Karhu Flow Trainer 3 Review
Karhu is not a household name, but that should not stop you from thinking they make good shoes. The Flow Trainer 3 was my first opportunity to run in a Karhu shoe, and I was impressed. For the right runner, the Flow Trainer just might be the right shoe.
Karhu Flow Trainer 3 First Impressions
Out of the box, the Flow stands out with vibrant colors. Though Karhu categorizes the Flow Trainer as a performance trainer, I think it would appeal to anyone looking for a minimalist shoe. It’s a light shoe (8.5 oz.), and extremely flexible from toe to heel. Side-to-side, the shoe twists very easily, and the heel counter is not too rigid. From heel-to-toe, the Flow Trainer is offset by 8mm (18mm/10mm). The only non-minimalist aspect of the Flow Trainer is the toe box, which is more traditional.
Karhu’s signature feature is Fulcrum—a wedge of denser foam in the midfoot of the sole, which is meant to promote a midfoot strike by quickening the transition to toe-off. I was not quite sure how the Fulcrum would affect the feel of the shoe underfoot. A year ago, I tested the Sketchers GOrun. The GOrun also has a midfoot-promoting feature, which I found made the shoe uncomfortable. Walking around, I could feel the Fulcrum, but I’m willing to see how it feels when running.
Karhu Flow Trainer 3 Sole Unit
The amount of midsole foam in the Flow Trainer is minimal (comparable to the Brooks Pure Connect), but it provides enough cushion for training. It feels firm underneath, as one would expect. But the most unique feature is the Fulcrum. When I first started running in the Flow Trainer, I could feel the Fulcrum’s action. Like a see-saw, it pushed my foot forward at initial contact. It did not feel awkward at all, but very smooth. After one run, however, I stopped noticing the Fulcrum completely. I think for someone transitioning to minimalist shoes or working on a midfoot strike, the Fulcrum might be a very appealing feature. It has an action similar in theory to the GOrun, but in my opinion, Karhu’s Fulcrum is more subtle in effect. For the same reason, runners who already strike on the midfoot might are not prevented from wearing the Flow Trainer.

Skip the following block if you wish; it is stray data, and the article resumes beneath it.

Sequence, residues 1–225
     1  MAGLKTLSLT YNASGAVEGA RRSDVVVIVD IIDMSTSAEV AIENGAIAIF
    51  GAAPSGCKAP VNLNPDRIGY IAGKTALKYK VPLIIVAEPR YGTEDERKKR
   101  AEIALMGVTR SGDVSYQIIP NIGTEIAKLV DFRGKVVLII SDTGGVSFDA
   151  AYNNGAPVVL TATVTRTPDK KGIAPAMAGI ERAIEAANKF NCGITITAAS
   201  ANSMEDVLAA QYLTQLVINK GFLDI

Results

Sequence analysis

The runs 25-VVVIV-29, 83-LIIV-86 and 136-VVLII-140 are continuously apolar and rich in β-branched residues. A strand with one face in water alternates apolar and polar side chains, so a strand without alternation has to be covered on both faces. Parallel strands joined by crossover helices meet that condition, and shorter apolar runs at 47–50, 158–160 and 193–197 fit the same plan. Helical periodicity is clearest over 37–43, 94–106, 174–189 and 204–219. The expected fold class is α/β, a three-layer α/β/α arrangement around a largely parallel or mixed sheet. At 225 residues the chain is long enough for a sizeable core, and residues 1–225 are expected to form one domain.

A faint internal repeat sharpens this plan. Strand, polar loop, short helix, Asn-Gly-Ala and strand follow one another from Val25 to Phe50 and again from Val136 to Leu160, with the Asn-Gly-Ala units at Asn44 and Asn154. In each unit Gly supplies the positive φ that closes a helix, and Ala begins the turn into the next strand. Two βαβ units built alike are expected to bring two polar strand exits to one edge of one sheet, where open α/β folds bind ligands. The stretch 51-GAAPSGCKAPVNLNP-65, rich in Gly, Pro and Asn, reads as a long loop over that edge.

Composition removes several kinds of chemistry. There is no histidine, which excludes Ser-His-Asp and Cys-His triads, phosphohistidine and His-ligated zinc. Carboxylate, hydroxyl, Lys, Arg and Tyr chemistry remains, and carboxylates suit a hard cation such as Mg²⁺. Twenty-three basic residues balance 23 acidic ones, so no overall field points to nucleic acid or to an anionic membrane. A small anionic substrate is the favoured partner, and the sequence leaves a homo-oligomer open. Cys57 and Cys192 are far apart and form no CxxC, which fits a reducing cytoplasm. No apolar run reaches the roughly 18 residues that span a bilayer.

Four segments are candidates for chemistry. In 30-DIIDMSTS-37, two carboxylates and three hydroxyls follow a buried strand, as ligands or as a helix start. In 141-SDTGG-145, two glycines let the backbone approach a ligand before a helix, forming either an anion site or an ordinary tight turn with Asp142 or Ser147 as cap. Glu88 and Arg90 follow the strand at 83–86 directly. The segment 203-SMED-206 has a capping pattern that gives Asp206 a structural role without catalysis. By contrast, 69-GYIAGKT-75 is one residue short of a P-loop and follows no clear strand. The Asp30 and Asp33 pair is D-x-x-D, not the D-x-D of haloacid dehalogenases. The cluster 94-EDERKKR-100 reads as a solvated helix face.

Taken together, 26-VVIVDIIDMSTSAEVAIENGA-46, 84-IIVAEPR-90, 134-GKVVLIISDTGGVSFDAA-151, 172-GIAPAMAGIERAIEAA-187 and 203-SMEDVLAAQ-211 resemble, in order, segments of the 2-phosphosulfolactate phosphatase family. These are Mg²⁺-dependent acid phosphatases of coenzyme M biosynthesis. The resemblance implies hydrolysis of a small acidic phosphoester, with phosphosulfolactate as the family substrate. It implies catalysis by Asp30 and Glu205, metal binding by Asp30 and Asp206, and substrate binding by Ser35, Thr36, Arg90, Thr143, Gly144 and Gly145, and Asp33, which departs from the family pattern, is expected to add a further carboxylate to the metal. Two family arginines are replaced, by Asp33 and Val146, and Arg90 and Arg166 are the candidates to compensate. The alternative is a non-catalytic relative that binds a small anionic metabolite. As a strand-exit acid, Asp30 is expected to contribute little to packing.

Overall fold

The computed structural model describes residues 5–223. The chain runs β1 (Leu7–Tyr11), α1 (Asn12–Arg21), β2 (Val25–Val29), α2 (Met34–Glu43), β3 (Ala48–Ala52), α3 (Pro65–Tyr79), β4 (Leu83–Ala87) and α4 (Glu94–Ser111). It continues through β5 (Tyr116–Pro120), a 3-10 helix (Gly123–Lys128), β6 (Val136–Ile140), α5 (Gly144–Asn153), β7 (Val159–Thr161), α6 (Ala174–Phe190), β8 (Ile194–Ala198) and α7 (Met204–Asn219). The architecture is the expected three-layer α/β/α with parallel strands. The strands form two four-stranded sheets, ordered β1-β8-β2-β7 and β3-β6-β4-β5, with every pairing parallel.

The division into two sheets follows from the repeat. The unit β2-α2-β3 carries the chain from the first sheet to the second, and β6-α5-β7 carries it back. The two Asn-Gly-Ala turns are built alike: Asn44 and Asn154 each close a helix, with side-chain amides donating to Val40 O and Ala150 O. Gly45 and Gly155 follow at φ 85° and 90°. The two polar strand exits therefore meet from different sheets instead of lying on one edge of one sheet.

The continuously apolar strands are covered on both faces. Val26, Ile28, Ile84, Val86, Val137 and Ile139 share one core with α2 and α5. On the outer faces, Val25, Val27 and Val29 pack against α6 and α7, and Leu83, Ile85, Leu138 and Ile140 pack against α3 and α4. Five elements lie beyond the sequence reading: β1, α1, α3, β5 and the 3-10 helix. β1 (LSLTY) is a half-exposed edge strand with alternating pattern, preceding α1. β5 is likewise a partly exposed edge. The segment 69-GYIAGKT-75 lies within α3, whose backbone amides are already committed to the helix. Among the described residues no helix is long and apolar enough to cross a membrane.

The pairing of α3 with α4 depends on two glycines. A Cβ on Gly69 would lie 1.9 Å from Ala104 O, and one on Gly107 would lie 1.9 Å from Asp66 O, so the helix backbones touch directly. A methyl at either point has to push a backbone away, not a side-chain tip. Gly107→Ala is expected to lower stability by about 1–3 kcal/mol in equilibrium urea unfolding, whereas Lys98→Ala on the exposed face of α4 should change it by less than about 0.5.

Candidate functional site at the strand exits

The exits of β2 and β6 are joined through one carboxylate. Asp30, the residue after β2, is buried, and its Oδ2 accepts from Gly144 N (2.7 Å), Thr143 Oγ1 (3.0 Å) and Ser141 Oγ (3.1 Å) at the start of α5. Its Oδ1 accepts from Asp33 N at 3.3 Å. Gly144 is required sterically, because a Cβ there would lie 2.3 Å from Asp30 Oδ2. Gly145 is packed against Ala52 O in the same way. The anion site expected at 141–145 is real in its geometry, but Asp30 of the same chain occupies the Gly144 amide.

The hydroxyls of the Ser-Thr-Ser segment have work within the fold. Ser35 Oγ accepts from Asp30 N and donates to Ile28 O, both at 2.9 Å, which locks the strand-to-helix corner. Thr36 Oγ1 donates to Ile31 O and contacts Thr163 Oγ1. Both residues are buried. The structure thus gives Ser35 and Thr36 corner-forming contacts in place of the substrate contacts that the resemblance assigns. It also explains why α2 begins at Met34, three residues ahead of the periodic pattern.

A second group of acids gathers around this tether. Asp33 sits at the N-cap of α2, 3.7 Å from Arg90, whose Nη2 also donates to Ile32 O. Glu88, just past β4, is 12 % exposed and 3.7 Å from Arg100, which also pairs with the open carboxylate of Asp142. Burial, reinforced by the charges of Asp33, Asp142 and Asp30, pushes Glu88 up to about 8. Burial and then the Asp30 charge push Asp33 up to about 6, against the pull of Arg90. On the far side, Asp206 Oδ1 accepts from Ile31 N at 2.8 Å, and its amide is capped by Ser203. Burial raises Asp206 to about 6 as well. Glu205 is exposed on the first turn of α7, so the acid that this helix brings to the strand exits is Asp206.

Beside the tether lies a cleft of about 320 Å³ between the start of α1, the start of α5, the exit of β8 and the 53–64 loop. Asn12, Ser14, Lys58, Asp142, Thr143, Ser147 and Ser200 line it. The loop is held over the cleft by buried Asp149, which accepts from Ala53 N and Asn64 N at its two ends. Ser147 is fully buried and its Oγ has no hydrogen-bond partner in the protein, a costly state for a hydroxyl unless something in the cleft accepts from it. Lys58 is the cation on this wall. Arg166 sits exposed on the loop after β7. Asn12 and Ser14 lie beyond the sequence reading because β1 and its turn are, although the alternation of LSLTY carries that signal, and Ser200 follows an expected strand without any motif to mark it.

The outsole offers full length contact to the surface—no separation between the heel and forefoot. The midfoot portion of the outsole may look less durable because it does not have black carbon rubber, but it is made of more durable materials, and so should not present any durability issues.
Karhu Flow Trainer 3 Upper
The upper of the Flow Trainer is very light and breathable. There are no overlays to restrict the structure, and so, it has a very slipper-like feel. The GOrun also had a very nice upper, but I also experienced a lot of heel slippage in the GOrun. The Flow Trainer’s upper is very loose and forgiving, but, unlike the GOrun, it still provided a secure fit, and I never once experienced heel slippage.
Karhu Flow Trainer 3 Opinion
While running in the Flow Trainer, I found myself thinking about my experience with the Sketchers GOrun. I think these two shoes are aimed at the same runner: someone who is looking for a shoe that promotes a midfoot strike. Of the two, I strongly feel that Karhu offers the superior option because its technologies are more refined. I also think the Flow Trainer would appeal to a wider audience of runners. Experienced minimalist runners might find the Flow Trainer sufficient for everyday training. Runners who want more traditional shoes, but are looking to throw a more minimalist shoe into their rotation may like the Flow Trainer. The Flow Trainer might also serve as a racer for some runners.
If you are looking for a solid shoe that delivers a smooth minimalist ride, then take a look at the Karhu Flow Trainer 3.